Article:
1. Additionally, information will be disseminated through virtual workshop/s hosted by one or more of the involved institutions. A 2–4-hour workshop will be offered for research scientists, extension personnel on campus, external stakeholders, and students. The workshop will also be offered in webinar format and will be recorded and available for no-cost download available via YouTube.

  2. Further, this project will provide an opportunity for collaborative efforts between academia and the industry, which advances the outreach goal of land-grant universities. For instance, Local hemp producers, processors, and manufacturers will be assisted with product evaluation, performance efficacy, advertising, and marketing strategies for successful product promotion using universities labs and resources.


The recommended Standard Governance for multistate research activities include the election of a Chair, a Chair-elect, and a Secretary. All officers are to be elected for at least two-year terms to provide continuity. Administrative guidance will be provided by an assigned Administrative Advisor and a NIFA Representative.

Literature Cited

    1. Burton, R. A., Andres, M., Cole, M., Cowley, J. M., & Augustin, M. A. (2022). Industrial hemp seed: from the field to value-added food ingredients. Journal of Cannabis Research 2022 4:1, 4(1), 1–13.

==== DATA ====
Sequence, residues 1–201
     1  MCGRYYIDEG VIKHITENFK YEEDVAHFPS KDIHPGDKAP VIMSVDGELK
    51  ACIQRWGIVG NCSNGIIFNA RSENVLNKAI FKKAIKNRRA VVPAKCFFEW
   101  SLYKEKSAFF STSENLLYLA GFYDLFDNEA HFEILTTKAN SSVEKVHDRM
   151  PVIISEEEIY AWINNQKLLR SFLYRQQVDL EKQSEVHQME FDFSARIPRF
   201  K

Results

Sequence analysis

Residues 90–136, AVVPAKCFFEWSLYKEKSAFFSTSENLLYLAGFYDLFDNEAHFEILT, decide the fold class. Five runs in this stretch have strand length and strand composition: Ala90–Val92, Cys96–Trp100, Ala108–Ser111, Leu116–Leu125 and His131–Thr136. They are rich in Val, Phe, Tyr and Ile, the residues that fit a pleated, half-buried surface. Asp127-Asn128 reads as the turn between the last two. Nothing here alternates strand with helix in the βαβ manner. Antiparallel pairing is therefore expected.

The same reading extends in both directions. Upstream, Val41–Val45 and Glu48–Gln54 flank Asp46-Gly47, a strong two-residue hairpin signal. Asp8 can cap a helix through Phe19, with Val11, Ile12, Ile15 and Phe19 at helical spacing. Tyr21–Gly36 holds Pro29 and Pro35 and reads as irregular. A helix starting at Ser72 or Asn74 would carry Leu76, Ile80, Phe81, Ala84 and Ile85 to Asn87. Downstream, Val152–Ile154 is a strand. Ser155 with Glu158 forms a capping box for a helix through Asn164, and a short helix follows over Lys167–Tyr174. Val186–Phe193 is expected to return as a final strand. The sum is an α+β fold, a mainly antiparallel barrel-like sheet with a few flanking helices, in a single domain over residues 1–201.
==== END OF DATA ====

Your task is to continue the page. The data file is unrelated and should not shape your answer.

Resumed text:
1. Cherney, J.H., and E. Small. (2016). "Industrial Hemp in North America: Production, Politics, and Potential," Agronomy 6(4):58.

    1. (2019, May 05). CBD: On a real market high. Retrieved:

    1. Hemp Industries Organization. (2020, December 7)

    1. Johnson R., (2018). Hemp as an Agricultural Commodity, U.S. Congressional Research Service. Washington DC.

    1. Lacasse, H., and Kolodinsky, H., (2022). Consumer trends and the consumption of industrial hemp-based products. Industrial Hemp.

    1. Malone, T. and K. Gomez, K. (2019). "Hemp in the United States: A Case Study of Regulatory Path Dependence," Applied Economic Perspectives and Policy 41(2):199-214.

    1. Mark, T.B. and W. Snell. (2019). "Economic Issues and Perspectives for Industrial Hemp," in Industrial Hemp as a Modern Commodity Crop, D.W. Williams, ed., Madison, WI: ASA CSSA and SSSA.

    2. Mark, T., Shepherd, J., Olson, D., Snell. W., Proper, S., and Thornsbury, S. (2020) Economic Viability of Industrial Hemp in the United States: A review of State Pilot Program.

    1. Ruth, T.K., Colclasure, B.C., Conner, N., Holmes, A., and Brooks, T.D. (2022) View of Hemp on the horizon: Understanding the influences on industrial hemp purchases.

    1. Schluttenhofer, C. and Yuan, L. (2017). "Challenges towards revitalizing hemp: A multifaceted crop" Trends in Plant Science 22(11): 917-929.

    1. Sterns, J. (2019). "Is the Emerging U. S. Hemp Industry Yet Another Boom-Bust Market for U. S. Farmers?" Retrieved November 17, 2020, from Choices:


Land Grant Participating States/Institutions


Non Land Grant Participating States/Institutions